Possible Hypotheses:
  • Sea Otters are not getting enough to eat.
  • Sea Otters are being hunted for fur.
  • Sea Otters are being eaten by predators.
  • Sea Otters are getting sick.
  • Sea Otters are being poisoned from toxic pollutants
  • Sea otters are failing to reproduce.
As it turns out Dr. James Estes from the University of California at Santa Cruz was very interested in determining the reason for the decline of the Sea Otters in the Aleutian Islands. Him and a team of researchers set out to collect data from their own observations as well as those from other research teams tackling similar questions. In their research they discovered a small Lagoon off of Kuluk Bay on the island Adak, Alaska. In this lagoon the otters seemed to be thriving and data suggested they were not under the same pressures as those in the nearby bay. Using Data collected in the Lagoon and Kuluk Bay, Dr. Estes and his team began to unfold the story of the Sea Otter decline. As a class we will be using data collected from Estes and other researchers to tell the story for ourselves. 
  • Pick a hypothesis (generated above) to investigate.
  • Using the Claims, Evidence, Reasoning template and the data linked below, support or refute your chosen hypothesis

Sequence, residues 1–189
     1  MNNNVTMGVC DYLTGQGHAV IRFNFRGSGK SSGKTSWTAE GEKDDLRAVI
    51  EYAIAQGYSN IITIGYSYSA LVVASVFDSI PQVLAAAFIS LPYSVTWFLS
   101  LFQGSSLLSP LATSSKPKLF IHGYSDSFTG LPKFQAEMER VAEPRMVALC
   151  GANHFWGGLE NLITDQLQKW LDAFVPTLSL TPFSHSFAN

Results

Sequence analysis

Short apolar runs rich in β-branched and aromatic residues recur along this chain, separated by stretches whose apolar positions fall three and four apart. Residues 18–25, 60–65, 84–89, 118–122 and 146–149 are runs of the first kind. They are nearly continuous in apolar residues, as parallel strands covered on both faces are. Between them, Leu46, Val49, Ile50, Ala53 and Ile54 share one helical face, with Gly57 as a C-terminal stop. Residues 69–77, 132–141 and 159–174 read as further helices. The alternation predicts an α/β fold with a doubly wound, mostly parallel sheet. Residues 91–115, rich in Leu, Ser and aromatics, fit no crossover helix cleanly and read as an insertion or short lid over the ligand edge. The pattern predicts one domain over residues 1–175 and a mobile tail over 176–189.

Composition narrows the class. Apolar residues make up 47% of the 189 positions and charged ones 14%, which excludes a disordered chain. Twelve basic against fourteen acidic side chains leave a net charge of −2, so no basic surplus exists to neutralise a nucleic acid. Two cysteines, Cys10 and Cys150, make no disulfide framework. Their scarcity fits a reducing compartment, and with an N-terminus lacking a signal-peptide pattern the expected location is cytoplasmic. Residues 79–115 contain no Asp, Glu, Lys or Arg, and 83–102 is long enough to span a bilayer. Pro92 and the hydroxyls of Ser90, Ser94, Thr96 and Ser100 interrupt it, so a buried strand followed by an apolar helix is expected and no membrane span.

• Claim, evidence, Reasoning
      • Claim: We think...
      • Evidence: 
        • three pieces
      • Reasoning:
        • How does your data support your claim
        • Explain your thinking in detail

Why does this all matter?

Are Sea Otters important? Sure they are cute and you want to hug them, but are they really that important to the marine ecosystem? Take a look at the Food webs below, determine as a class the role Sea Otters play in the nearshore food web.


Keystone Species and Trophic Cascades

Sea otters are not the only organism that has large impact on their ecosystem. A keystone species, named after the stone found at the apex of a masonry arch, is a  a species which has a large impact on their local ecosystem. Another marine keystone species was discovered by Robert Paine in the 1960's. 

Watch the Excerpt from the video linked below, on how Paine conducted his experiment on Sea Stars. 

YouTube Video


Robert Paine Sea Star Data